<PAGE> COMMON STOCK OWNERSHIP OF CERTAIN BENEFICIAL OWNERS To the Company's knowledge, the only persons or groups that may be deemed to own beneficially 5% or more of the Company's outstanding Common Stock, as of January 23, 1998, are the following:
<TABLE> <CAPTION> SHARES PERCENT OF BENEFICIALLY COMMON NAME ADDRESS OWNED STOCK ---- ------- ------------ ---------- <S> <C> <C> <C> Thomas J. Russell(1).... 2 North Tamiami Trail 2,151,244 21.5% Sarasota, FL 34236 Gallium Enterprises, Inc.(2)................ c/o Harborstone Capital 1,650,045 16.9% Mgmt. 152 West 57th St., 21st Flr. New York, NY 10019 West Highland Capital, Inc.(3)................ 300 Drakes Landing Road 609,800 6.5% Suite 290 Greenbrae, CA 94909 </TABLE>
- -------- (1) Includes 1,446,559 shares and warrants to purchase 513,910 shares owned by the AER 1997 Trust. Dr. Thomas J. Russell, one of three trustees for the AER Trust, is the Chairman of the Company. (2) Includes warrants to purchase 432,535 shares. Gallium Enterprises Inc. is controlled by Robert Louis- Dreyfus, a member of the Board of Directors of the Company. (3) Based on Schedule 13D/A filed with the Securities and Exchange Commission on October 22, 1997 (the "Schedule"). As described in the Schedule, West Highland Capital, Inc. shares voting power with a shareholder group consisting of Estero Partners, LLC, West Highland Partners, L.P., Buttonwood Partners, L.P. and Lang H. Gerhard. 5
<PAGE> COMMON STOCK OWNERSHIP OF MANAGEMENT The following table sets forth certain information regarding beneficial ownership of the Company's Common Stock, as of January 23, 1998, by (i) each of the Company's directors, (ii) each of the Company's executive officers and (iii) the Company's directors and executive officers as a group. Except as otherwise indicated, each nominee named in the table has sole voting and investment power with respect to the shares as beneficially owned by him.
<TABLE> <CAPTION> SHARES PERCENT OF BENEFICIALLY COMMON NAME OWNED STOCK ---- ------------ ---------- <S> <C> <C> Thomas J. Russell(1)............................... 2,151,244 21.5% Reuben F. Richards, Jr.(2)......................... 393,020 4.2% Thomas G. Werthan(3)............................... 114,650 1.2% Richard A. Stall(4)................................ 142,846 1.5% Howard R. Curd(5).................................. 374,833 4.0% Howard F. Curd(6).................................. 356,333 3.8% Robert Louis-Dreyfus(7)............................ 1,650,045 16.9% Shigeo Takayama(8)................................. 367,368 3.8% Hugh H. Fenwick.................................... 4,522 * William J. Kroll(9)................................ 73,860 * Paul T. Fabiano(10)................................ 65,821 * Louis A. Koszi(11)................................. 6,519 * David Hess......................................... 6,901 * Thomas Brennan(12)................................. 250,099 2.7% Robert Bryan(13)................................... 250,099 2.7% Charles Scott...................................... -- -- All directors and executive officers as a group (13 persons)(14)...................................... 5,837,251 54.0% </TABLE>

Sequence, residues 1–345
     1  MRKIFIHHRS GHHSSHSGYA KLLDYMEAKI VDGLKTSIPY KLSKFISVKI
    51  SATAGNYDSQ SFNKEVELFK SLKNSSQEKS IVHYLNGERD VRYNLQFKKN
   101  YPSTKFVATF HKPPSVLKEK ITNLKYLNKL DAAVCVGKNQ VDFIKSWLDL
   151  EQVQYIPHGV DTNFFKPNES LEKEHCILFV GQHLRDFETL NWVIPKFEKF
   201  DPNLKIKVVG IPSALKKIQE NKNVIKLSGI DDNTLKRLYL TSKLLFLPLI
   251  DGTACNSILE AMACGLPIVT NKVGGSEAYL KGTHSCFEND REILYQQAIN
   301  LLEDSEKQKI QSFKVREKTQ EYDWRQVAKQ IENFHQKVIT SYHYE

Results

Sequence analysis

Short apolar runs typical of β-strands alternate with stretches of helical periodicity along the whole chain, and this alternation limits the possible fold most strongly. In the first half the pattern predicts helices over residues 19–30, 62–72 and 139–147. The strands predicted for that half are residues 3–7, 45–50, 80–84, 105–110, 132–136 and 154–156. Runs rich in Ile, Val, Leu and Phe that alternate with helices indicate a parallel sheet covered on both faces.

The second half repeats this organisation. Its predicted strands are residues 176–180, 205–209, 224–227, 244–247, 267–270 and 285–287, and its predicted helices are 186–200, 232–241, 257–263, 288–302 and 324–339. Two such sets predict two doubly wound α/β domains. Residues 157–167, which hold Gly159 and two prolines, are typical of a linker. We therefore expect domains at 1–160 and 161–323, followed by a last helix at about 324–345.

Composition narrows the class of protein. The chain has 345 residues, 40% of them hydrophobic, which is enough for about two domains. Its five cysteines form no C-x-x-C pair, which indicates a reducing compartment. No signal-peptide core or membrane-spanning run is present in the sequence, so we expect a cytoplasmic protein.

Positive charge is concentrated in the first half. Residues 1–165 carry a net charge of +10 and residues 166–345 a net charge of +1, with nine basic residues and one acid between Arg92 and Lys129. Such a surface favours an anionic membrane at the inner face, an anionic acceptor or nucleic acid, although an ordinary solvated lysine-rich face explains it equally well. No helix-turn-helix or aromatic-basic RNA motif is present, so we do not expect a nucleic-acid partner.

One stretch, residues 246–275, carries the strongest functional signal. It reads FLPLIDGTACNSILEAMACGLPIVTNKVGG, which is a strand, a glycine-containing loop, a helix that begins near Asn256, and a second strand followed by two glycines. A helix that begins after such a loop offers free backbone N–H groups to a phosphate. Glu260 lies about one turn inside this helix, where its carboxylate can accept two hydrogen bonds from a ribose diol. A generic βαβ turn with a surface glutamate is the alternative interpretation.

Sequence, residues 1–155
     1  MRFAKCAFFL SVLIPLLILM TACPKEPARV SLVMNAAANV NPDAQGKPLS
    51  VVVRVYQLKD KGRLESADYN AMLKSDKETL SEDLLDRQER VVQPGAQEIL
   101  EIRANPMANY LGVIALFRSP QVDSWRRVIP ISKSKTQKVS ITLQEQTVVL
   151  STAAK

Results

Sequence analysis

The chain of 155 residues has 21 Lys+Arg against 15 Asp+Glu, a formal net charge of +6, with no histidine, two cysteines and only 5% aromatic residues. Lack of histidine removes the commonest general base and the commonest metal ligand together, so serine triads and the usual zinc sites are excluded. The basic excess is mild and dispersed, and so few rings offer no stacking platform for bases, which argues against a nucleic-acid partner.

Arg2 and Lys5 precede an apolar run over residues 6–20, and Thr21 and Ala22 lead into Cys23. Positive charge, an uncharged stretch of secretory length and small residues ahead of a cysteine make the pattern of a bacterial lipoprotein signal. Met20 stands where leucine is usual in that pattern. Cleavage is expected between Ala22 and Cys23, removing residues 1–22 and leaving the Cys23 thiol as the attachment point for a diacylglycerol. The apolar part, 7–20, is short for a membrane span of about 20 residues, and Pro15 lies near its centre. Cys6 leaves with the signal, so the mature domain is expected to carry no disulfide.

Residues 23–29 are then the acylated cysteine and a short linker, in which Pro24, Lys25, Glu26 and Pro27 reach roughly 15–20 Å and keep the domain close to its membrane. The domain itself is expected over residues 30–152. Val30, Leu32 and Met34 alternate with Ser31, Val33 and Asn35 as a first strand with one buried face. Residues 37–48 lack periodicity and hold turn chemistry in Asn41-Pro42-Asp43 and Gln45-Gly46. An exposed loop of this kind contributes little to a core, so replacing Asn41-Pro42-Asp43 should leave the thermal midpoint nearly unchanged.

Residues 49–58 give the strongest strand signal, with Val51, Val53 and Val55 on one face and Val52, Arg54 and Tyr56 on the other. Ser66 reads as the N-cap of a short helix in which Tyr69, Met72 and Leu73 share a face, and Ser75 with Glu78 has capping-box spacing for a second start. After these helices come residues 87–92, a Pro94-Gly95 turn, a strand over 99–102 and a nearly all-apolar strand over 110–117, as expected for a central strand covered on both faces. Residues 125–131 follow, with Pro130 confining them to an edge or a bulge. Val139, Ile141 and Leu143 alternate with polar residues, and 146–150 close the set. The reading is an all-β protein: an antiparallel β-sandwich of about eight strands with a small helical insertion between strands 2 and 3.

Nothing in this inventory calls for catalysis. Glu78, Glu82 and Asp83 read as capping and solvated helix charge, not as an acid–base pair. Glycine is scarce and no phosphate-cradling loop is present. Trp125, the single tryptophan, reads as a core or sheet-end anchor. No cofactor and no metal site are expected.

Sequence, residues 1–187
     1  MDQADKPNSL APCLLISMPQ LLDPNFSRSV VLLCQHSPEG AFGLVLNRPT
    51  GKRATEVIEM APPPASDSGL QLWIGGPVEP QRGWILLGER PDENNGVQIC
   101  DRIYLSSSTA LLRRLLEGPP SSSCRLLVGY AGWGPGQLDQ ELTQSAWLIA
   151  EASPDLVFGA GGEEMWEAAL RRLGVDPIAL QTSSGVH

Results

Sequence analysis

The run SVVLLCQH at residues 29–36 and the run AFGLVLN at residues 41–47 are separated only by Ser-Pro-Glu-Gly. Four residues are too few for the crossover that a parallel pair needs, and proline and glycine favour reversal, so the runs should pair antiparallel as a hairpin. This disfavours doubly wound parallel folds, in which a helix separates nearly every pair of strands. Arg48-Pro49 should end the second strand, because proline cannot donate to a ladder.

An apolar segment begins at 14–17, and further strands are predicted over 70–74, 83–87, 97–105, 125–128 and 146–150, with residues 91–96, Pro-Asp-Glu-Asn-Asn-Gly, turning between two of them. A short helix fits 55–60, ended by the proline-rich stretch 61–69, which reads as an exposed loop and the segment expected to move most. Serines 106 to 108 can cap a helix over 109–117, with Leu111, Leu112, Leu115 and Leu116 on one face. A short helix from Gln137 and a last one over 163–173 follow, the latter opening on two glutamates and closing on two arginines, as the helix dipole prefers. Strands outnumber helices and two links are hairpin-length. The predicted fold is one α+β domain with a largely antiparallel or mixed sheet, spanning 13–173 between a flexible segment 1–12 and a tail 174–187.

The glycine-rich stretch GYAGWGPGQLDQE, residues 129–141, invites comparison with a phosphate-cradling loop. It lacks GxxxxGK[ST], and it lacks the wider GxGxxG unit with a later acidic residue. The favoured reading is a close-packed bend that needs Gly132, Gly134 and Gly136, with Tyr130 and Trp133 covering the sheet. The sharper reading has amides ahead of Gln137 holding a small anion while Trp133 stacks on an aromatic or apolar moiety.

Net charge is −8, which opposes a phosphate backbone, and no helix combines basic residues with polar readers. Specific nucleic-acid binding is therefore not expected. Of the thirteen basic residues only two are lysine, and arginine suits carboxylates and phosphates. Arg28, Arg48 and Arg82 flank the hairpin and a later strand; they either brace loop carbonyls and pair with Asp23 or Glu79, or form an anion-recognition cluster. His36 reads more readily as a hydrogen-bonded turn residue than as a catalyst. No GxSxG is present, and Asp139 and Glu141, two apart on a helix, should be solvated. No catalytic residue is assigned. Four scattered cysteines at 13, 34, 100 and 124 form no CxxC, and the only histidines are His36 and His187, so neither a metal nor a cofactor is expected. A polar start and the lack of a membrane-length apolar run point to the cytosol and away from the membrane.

- -------- * Less than 1.0% (1) Includes 1,446,559 shares and warrants to purchase 513,910 shares held by The AER 1997 Trust. See note (1) on previous page relating to The AER 1997 Trust. (2) Includes of options to purchase 29,412 shares and warrants to purchase 93,015 shares. (3) Includes options to purchase 28,534 shares and warrants to purchase 23,586 shares. (4) Includes options to purchase 33,271 shares and warrants to purchase 30,012 shares. (5) Includes warrants to purchase 93,015 shares. (6) Includes warrants to purchase 93,015 shares. (7) Consists of 1,217,510 shares and warrants to purchase 432,535 shares held by Gallium Enterprises Inc. See note 13. (8) Includes 367,368 shares owned by Hakuto & Co., Ltd.; Hakuto & Co., Ltd. is controlled by Shigeo Takayama. (9) Includes options to purchase 14,954 shares and warrants to purchase 16,134 shares. (10) Includes options to purchase 14,744 shares and warrants to purchase 14,806 shares. (11) Includes options to purchase 6,519 shares. (12) Includes options to purchase 24,112 shares. (13) Includes options to purchase 24,112 shares. (14) Includes options to purchase 123,563 shares and warrants to purchase 1,311,193 shares. CERTAIN TRANSACTIONS AND RELATED PARTIES In fiscal 1997, the Company entered into a non-exclusive and non-refundable technology licensing and royalty agreement with Uniroyal Technology Corporation ("UTC") for the process technology to develop and manufacture high brightness light emitting diodes. During fiscal year 1997, revenue associated with the UTC licensing agreement amounted to $2.5 million. UTC's Chairman and Chief Executive Officer, Howard 6